After weeks of no contact, I called Jesse and left a mysterious, “Hey, there’s something I really need to talk about with you…” message, channeling my gynecologist when she leaves me foreboding voice mails that turn out to be about yeast infections. He texted back immediately. I said it would be better to talk in person. He arranged to come over right away.
I did not want to be rejected. But I did want my rejection to feel humane.
Jesse materialized in my apartment, winding a beautiful scarf around his beautiful neck. I felt wild, witchy—he had ghosted me, but here he was now in the flesh. He had discarded me, but I had brought him back. I am the necromancer! I thought to myself, feeling crazed with power. My hair looked bad. Jesse looked at me with fear and with pity—I was no longer an object of his sexual interest, just an emotional woman.
“You ghosted me,” I said. “We went out too many times for that to be okay. If you knew you didn’t want to see me anymore, you should have just said so.”
Jesse squirmed. He had been planning to get back to me, he said. It was a busy time, he said.
“No, you ghosted me,” I said.
“I’m sorry you feel that way.”
“You don’t have to be sorry you feel that way,” I said. “Just be sorry you did it.”
“I’m sorry you feel like I did it,” he said. We continued on like this, a game of cat and other, more annoying cat. I asked if—as he claimed—he had been meaning to text me, what he would have texted.
He looked pale.
“Say it,” I said. He was silent.
“Say it!” I hissed. “Say it now!” He looked up, spooked, like a peasant child waylaid in the woods by a witch woman.
“I felt like maybe we were moving more toward being friends,” he stammered.
I am the witch queen, I thought, as his steps echoed down the hall. I am the resurrector. I am she who turns ghosts to men and men to dust! I was still sad. I did not want to be rejected. But I did want my rejection to feel humane.
Since Jesse, I have refined my process for breaking up with myself when the person I’m dating refuses to. It’s important to remember that people are allowed to break up with us at any time, and they do not need a reason. To save time, I usually go with a text. I try to stick to the facts—“We went on four dates and you kept asking me to sleep over and watch you play ‘SexyBack’ on acoustic guitar. I think that our relationship merited a more respectful ending than you gave it by trying to just taper off texts to me. It hurt my feelings and I wish you would have been more direct.” No matter what they reply, I don’t get into a conversation. (In the early days I let an in-person self-dump get out of hand, and he ended up crying and saying he needed therapy, which was kind of thrilling but ultimately beyond my capacity.)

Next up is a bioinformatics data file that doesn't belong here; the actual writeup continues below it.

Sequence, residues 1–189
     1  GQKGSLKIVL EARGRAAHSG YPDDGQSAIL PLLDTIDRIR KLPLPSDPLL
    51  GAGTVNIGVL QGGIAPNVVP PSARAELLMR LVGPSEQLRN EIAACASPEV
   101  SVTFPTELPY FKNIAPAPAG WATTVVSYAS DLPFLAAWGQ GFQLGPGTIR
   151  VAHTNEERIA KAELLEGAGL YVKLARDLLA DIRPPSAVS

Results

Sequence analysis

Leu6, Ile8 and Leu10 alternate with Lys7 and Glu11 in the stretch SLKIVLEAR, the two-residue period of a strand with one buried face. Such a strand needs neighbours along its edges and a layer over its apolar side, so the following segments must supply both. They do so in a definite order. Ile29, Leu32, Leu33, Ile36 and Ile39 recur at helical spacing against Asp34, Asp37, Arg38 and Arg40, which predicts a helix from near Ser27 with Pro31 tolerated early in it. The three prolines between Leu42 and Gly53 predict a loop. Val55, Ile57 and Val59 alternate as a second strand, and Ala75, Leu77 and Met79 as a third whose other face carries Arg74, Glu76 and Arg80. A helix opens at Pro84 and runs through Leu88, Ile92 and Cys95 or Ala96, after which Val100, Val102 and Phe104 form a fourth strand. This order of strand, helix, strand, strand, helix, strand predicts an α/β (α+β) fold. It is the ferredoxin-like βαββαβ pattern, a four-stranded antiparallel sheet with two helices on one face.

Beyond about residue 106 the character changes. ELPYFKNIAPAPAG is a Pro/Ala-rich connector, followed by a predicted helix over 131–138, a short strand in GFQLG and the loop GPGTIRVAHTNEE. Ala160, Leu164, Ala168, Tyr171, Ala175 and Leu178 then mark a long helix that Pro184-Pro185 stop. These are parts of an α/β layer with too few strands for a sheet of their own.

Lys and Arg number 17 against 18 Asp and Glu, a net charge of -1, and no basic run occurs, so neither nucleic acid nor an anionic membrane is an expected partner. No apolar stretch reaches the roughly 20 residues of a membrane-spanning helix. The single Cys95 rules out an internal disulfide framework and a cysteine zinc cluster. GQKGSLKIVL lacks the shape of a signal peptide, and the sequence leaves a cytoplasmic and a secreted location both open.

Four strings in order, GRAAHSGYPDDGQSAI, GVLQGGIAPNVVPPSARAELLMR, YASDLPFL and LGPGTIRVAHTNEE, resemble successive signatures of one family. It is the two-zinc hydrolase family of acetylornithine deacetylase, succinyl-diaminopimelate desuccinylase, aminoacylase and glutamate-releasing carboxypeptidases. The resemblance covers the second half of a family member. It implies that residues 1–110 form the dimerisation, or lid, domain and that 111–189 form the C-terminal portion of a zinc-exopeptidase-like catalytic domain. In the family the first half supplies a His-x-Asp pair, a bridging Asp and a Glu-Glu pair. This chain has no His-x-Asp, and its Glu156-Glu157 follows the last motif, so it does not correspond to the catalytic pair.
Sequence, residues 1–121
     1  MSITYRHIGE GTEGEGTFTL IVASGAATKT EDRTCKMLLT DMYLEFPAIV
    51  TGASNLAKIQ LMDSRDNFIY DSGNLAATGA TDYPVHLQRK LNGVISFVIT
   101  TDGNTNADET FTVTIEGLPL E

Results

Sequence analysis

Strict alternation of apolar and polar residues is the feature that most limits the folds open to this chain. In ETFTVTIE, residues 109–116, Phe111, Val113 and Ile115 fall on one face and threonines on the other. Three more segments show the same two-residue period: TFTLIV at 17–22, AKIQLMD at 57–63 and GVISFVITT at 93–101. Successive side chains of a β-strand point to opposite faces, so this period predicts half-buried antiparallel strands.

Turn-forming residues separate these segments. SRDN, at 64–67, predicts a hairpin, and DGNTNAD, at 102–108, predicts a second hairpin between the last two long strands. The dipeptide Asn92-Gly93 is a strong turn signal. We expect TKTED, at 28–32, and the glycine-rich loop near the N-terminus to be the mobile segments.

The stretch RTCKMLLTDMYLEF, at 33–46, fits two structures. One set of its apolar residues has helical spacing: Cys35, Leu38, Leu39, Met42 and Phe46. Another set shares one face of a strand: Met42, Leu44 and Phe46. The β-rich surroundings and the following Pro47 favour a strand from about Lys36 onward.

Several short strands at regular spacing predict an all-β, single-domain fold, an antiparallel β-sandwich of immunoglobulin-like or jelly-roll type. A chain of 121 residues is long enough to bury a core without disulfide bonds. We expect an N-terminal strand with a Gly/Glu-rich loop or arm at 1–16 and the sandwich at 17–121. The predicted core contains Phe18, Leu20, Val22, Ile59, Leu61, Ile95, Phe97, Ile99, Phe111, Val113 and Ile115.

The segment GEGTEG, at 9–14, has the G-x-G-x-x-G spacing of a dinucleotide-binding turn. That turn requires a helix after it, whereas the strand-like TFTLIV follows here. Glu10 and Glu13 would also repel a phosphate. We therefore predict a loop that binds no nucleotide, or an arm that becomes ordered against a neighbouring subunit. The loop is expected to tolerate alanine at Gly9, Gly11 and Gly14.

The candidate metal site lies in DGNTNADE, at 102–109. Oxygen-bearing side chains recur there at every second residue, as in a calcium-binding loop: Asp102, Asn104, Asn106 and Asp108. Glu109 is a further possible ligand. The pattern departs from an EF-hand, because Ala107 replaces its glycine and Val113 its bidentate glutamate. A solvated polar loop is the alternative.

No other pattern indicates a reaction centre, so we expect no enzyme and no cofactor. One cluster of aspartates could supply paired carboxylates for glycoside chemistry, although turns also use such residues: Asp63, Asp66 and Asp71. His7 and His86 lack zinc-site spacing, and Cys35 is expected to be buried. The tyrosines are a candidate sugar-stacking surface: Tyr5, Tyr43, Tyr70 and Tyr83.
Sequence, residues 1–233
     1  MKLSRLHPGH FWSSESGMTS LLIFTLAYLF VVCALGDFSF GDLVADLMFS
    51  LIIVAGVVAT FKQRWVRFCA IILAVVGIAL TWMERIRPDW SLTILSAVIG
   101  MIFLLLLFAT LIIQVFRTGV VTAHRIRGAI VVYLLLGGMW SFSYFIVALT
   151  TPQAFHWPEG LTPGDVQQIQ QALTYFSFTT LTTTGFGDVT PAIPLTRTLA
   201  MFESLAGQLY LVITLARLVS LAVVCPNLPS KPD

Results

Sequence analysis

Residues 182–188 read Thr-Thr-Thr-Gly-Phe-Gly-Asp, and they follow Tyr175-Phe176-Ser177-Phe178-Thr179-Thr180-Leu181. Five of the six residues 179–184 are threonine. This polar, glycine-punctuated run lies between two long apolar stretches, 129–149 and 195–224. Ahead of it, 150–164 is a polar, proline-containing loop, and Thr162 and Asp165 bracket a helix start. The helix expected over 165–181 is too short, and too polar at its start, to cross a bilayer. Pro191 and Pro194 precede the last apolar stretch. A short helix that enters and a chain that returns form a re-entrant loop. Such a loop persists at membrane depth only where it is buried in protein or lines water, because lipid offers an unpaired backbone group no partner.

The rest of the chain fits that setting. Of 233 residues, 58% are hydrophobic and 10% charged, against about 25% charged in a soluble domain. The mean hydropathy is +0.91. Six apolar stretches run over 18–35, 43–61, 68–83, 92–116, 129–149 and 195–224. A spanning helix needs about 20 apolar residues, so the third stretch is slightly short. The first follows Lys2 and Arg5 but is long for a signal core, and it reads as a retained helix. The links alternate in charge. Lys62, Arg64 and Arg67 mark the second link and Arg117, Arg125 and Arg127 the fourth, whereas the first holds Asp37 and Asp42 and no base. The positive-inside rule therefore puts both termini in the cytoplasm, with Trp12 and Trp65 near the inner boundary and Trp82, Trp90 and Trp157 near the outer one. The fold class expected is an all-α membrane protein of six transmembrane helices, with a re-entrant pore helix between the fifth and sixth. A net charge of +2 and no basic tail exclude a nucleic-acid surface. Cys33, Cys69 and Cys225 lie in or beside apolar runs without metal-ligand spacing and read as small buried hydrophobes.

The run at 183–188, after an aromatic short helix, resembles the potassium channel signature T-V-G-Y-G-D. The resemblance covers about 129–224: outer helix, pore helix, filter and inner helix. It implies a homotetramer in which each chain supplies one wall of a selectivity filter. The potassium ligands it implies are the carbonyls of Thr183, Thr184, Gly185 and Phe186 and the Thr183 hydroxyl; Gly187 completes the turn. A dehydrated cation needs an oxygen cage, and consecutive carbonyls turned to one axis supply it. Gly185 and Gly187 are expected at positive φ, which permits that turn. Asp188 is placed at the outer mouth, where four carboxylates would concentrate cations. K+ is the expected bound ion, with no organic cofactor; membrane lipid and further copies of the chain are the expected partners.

Every time I do this, I feel a little better. It’s as if I’m writing a letter to myself that says, “You are too substantial to melt gently away when someone is done with you.” Part of why I insist upon behavior that other people would find embarrassing is that I want to remind myself that I have worth. There’s an older school of thought around sex and dating that sometimes makes me think, Well, you went out with this man and had sex with him without getting a commitment, so what did you think would happen? And the answer is: Having sex and intimacy outside of a monogamous commitment still entitles me to basic decency. And if I don’t get basic decency, I will ask for it nicely.
I often hear a kind of nostalgia for the “old ways” of dating. People lament the days of men knocking on the doors for dates, and bringing flowers, and calling on the phone. But we would never, ever want to go back to those days. Those small kindnesses were given in exchange for women staying in a kind of straitjacket of femininity—female pleasure was unmentionable, queerness was forbidden, and there was almost no recourse for rape and harassment. I can buy myself flowers, I can open my own door, and when I make the mistake of dating a person who doesn’t value me enough to be direct, I can even dump myself.
It’s nice to take back control, to demand respect, even if it makes me seem crazy. It reminds me that I am real, worthwhile, and alive. It’s okay with me if, afterward, the person I was dating goes back to being weightless, formless, imaginary.
He should be nothing but a ghost.
*Name changed, but you know what you did, Jesse.
Originally Appeared on Glamour